Now, being rich, according to James’ definition, is not a sin. Seeking employment, reasonable housing, and upward mobility are not sinful, as long as the Christian’s identity is not rooted in these pursuits. Neither it is a curse to be poor, according to James’ definition. In the church we have both rich and poor, and we all need each other. I, being rich, learn much from my poor brothers and sisters around the world, specifically here in Los Angeles but also in the Global South. My “first-world problems” are not their problems, and their Holy Spirit-driven lifestyle of contentment convicts me of my pursuit of temporary trinkets, which I buy with disposable income. My confession of such practices has led me to repent before my wife and kids. One fruit of repentance we’ve implemented is sharing what we have with the poor around us. As a family, we sometimes make meals, put them in bags with toiletries, and give them to the homeless around Long Beach. Then we come home and eat the same meal (normally sandwiches, chips, and water) as a reminder to be grateful for God’s provision.

I’ve found that too often in the church, we do not value people the way God values them. We live out the sin of partiality when we neglect the poor. And when we neglect them, we don’t think about them. When we don’t think about them, they remain nameless faces we speed past daily. We forget the marginalized have a name and a story, and that they are bearers of God’s image—image bearers who, in many ways, help us deconstruct our idols of comfort, greed, and privilege.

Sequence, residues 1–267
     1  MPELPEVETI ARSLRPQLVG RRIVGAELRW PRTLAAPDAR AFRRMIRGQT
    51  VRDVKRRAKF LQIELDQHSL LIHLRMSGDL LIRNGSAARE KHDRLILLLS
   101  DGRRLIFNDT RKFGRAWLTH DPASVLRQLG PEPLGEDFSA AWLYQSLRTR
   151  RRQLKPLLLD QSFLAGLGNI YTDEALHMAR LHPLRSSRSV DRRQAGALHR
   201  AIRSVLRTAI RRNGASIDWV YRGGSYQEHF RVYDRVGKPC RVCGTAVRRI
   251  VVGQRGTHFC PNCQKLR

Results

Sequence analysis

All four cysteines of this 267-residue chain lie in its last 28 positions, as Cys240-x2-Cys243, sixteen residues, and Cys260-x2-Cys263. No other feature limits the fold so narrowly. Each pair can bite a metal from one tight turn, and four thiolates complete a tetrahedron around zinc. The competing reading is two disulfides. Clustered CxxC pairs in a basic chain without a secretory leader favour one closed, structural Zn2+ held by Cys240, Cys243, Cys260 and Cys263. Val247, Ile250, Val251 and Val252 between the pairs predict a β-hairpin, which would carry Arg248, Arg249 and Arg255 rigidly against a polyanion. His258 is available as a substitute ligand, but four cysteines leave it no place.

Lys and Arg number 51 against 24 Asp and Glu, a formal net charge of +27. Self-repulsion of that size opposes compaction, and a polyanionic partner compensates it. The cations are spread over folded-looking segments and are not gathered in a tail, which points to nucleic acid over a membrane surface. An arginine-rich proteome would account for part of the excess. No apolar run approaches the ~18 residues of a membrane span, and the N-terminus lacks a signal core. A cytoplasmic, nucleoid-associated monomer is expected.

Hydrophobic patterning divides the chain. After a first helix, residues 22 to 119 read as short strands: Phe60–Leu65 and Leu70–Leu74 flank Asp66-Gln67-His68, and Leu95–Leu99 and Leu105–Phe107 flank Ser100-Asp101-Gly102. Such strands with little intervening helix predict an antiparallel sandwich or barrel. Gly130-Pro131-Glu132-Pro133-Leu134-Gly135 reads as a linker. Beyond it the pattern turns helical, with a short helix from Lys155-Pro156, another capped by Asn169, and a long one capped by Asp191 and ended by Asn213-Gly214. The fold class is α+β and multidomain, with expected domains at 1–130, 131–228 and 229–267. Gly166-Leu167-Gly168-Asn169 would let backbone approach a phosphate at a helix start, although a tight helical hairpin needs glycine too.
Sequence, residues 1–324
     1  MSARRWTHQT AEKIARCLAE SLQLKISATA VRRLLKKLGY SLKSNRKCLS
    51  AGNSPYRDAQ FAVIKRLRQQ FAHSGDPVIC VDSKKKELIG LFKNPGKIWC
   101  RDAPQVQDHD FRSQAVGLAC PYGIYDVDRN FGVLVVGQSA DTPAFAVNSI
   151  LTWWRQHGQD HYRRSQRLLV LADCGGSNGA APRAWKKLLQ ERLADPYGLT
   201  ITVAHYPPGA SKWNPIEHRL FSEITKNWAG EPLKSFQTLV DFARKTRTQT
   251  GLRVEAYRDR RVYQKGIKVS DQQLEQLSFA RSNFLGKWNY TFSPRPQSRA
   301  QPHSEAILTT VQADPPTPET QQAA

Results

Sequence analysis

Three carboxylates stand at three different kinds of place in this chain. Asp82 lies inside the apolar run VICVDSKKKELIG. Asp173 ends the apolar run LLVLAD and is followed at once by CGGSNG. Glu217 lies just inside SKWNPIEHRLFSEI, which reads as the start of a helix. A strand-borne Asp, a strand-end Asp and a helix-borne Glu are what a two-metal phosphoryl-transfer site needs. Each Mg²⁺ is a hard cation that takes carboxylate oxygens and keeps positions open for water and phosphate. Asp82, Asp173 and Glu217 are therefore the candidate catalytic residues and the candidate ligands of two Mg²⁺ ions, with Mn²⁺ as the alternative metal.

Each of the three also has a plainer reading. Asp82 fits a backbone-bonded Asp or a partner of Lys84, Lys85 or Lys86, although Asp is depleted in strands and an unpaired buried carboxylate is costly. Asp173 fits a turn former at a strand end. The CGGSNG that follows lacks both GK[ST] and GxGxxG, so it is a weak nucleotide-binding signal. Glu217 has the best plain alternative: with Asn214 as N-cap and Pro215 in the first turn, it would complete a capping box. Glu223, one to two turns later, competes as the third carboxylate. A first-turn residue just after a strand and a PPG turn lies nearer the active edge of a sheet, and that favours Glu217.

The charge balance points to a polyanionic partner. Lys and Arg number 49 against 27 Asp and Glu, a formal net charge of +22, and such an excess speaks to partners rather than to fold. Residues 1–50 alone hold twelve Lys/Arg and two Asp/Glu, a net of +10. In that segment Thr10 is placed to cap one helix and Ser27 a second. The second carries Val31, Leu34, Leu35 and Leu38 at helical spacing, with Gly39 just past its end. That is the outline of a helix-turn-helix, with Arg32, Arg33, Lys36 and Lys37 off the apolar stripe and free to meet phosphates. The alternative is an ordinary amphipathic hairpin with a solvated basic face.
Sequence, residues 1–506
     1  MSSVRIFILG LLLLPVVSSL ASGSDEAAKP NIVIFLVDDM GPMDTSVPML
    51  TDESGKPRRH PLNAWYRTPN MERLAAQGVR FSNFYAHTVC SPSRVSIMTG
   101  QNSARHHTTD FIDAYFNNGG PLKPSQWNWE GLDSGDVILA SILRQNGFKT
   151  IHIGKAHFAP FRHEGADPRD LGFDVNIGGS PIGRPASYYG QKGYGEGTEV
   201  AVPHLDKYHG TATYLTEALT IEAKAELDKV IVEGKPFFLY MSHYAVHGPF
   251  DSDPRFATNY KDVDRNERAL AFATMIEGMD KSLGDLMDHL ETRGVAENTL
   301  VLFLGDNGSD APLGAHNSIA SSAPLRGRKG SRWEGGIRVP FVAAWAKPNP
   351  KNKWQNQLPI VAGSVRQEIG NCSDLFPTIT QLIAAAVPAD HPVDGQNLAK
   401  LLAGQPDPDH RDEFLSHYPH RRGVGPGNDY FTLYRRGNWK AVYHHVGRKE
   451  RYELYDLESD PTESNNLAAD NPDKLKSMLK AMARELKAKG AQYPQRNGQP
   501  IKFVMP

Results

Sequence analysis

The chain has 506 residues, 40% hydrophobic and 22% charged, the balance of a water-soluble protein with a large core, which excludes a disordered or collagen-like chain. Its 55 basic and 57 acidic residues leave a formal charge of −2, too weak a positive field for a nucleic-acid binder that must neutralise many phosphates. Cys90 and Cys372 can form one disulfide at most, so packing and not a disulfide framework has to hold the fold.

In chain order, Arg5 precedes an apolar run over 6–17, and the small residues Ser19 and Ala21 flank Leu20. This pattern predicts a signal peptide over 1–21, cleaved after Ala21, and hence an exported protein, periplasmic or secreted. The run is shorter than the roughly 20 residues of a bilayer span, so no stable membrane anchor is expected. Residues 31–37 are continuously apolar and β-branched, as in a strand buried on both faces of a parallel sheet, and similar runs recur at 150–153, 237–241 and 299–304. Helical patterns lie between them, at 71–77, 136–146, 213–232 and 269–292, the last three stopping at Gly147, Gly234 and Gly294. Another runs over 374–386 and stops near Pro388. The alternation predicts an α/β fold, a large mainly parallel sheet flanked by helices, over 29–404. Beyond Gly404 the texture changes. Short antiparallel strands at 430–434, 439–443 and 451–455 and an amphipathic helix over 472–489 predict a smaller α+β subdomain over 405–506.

James follows his rebuke of partiality with a pathway to repentance (James 2:8-9: “If you really fulfill the royal law according to the Scripture, ‘You shall love your neighbor as yourself,’ you are doing well. But if you show partiality, you are committing sin and are convicted by the law as transgressors”).

Calling out the sin of partiality is a daunting task. And as we do this, we must be very aware that the evil one will attempt to cause division among God’s people to discredit our public witness, distract us from our mission, and tarnish Christ’s reputation. Pain and tension will surface when we call out the sin of partiality—a necessary part of healing an infected wound.